Playing with St. Germain

8
May/09
0

As I mentioned before, my roommate Andrea brought me a bottle of St. Germain Elderflower liqueur from NYC as a birthday present and, of course, I had to play.

With my neighbor Jacqueline as a willing participant, we started off with a refreshing apertif of Hungaria Grande Cuvée Brut mixed with the St. Germain. It was good but eventually, we were ready for something more and so we went tiki for the next drink.

TIKKI TIKKI TEMBO

1 oz Sailor Jerry Rum
1/2 oz St. Germain Elderflower
1/2 oz Marie Brizard Banane
2 oz pear juice
2 oz passionfruit juice
1 tablespoon mango sorbet
splash of L’abbé Francois Cassis

Pour the splash of Cassis into a cocktail glass.
Shake and strain all of the other ingredients and layer on top of the Cassis.

It was good, if a bit sweet, but I wouldn’t have more than one. What was missing was a bit of spice, maybe some carbonation and I had some ideas of where to go from here.

THE MONTELEONE CANDIDATE

3/4 oz Sailor Jerry Rum
1/2 oz St. Germain Elderflower
1/4 oz oz Marie Brizard Banane
1/4 oz McGuinness Apricot Brandy
1/4 oz Grand Marnier
splash of orange juice
1 oz lime juice
6-8 slices of ginger, diced
ginger beer
slice of ginger

Shake and strain the first eight ingredients into a cocktail glass.
Top up with ginger beer.
Rub slice of ginger along the rim and use as garnish.

cocktail

It was sampled and proclaimed to be quite good; good enough that I experienced a moment of  insanity where I envisioned it featuring prominently on the list at my friend’s bar but that was temporary and the pleasure gained from watching folk’s eyes light up as they imbibe it far outweighs any proprietary concerns I might entertain. I’ve never been one to hoard a good recipe anyway…

Also, I’d be a dishonest bastard if I didn’t admit that this contest totally influenced my decision to publish this recipe tonight.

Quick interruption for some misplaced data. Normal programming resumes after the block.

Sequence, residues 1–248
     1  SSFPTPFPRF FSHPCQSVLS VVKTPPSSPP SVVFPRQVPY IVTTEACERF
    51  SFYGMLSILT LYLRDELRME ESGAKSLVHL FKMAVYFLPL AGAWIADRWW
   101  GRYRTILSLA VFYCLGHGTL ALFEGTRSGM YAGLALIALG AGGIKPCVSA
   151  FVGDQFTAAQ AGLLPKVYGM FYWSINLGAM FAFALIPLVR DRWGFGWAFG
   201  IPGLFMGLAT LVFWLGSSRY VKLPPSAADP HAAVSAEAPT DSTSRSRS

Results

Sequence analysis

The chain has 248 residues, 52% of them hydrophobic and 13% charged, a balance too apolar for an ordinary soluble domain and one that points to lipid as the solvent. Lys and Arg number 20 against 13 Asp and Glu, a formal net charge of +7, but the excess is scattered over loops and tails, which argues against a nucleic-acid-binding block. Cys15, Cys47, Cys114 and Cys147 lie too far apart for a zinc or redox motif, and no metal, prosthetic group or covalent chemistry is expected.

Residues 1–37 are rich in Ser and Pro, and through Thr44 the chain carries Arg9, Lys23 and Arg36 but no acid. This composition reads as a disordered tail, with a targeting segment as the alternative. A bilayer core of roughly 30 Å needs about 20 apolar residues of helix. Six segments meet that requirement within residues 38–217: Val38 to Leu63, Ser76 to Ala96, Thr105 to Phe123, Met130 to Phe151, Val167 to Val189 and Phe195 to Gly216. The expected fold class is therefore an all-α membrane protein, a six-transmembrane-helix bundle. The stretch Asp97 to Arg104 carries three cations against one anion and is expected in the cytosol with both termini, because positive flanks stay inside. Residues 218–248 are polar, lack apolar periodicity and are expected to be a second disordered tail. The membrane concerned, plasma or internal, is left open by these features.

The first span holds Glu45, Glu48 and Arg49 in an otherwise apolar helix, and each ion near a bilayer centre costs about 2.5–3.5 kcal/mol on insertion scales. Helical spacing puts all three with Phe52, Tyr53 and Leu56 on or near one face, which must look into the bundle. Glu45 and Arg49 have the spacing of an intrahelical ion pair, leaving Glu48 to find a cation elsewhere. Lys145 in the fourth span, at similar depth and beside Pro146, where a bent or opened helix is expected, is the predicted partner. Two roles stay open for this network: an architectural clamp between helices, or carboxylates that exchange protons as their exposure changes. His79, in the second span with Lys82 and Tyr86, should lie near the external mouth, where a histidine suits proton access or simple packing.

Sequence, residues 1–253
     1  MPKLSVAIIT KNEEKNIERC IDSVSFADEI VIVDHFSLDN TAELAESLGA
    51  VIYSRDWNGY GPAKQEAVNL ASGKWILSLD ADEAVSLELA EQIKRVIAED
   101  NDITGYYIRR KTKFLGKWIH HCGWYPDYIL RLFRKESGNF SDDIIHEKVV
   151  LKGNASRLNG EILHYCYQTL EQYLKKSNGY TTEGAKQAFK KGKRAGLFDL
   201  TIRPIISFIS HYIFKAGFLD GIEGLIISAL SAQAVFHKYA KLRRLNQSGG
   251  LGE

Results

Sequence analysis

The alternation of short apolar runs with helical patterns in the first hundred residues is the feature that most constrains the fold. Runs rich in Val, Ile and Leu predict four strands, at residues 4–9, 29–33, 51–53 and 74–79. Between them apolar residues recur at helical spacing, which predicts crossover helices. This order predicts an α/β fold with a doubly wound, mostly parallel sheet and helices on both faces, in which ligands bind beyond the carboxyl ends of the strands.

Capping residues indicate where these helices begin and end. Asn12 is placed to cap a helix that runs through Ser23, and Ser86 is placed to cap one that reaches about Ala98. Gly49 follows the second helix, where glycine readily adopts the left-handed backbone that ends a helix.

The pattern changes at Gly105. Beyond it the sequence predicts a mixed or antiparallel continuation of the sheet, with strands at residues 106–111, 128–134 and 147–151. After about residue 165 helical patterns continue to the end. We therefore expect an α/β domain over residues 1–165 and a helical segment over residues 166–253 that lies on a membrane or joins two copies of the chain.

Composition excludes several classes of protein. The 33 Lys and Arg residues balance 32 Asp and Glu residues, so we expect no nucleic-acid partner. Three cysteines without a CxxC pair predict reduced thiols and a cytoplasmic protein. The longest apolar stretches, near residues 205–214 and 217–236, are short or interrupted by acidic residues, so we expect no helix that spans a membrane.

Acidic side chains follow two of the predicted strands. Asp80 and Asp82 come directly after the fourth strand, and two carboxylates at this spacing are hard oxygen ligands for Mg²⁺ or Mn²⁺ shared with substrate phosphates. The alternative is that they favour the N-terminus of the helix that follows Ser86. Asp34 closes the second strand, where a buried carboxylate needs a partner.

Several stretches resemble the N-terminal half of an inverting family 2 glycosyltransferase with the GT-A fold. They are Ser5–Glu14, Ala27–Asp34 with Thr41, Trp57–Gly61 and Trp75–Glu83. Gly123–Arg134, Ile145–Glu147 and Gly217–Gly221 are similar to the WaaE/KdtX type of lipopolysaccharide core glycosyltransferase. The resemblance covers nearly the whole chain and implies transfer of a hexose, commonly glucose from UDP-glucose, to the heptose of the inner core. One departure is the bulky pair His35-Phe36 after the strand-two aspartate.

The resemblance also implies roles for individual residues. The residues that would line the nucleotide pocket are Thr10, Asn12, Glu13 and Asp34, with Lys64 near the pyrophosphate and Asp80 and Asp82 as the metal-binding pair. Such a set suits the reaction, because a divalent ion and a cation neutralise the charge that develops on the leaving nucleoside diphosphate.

Putting together the perfect birthday bar

24
Apr/09
1

The big day has arrived and passed but the party is happening tomorrow. I still haven’t decided upon a cocktail and in the absence of any notable flashes-of-brilliance, recipe-wise I’ve decided to cover my bases with a wide variety of liquor.

So far, I’ve picked up an ever-reliable bottle of Centennial 10 Year Old Rye, Stoli (I used to buy Iceberg but then I realized that Stoli was just a dollar more and quantifiably better), Martini Rosso, Hungarian Grande  Cuvée Brut and McGillicuddy’s Peach Schnapps. My friend Alex McLeod and his girlfriend gifted me with a bottle of Gianduia chocolate-flavoured grappa which I suspect I will have little problem finding a use for.

On the day of, I’ll probably head back to the LCBO and pick up some Sailor Jerry Rum, Grand Marnier, McGuiness Melon and Banane and Hendrick’s Gin. If I have any money left over, I might buy some Jagermeister, Luxardo Amaretto and Unicum bitters but I have some Angostura at home which will do in a pinch.

Mix-wise, I’ve already made some simple syrup and I have a bottle of grenadine lying around too. I don’t have any time to make anything else (unless I can persuade my mum to help me make  a bottle of orgeat syrup) but I’m probably going to buy some juices (cranberry, orange, acai blueberry, pomegranate, aloe), pop (soda water, ginger beer and green tea ginger ale) and maybe a four-pack of Red Bull.

Fruit will probably be nothing more exotic than a ready supply of lemons and limes but I’d like to have some ginger root on hand. I also have spices left over from the last party and I’d like to use ‘em more this time.

For the wine-drinkers, I have three bottles of red kicking around: the Pascual Toso Malbec 2007, the Barco Reale di Carmignano Capezzana 2006 and the Cent’are Nero d’Avola 2006. After my last post on Fuzion, I should probably get a bottle of that too but I’m not sweating it.

Yesterday, I decided against a bottle of Ironstone Symphony 2007  but I might change my mind tomorrow.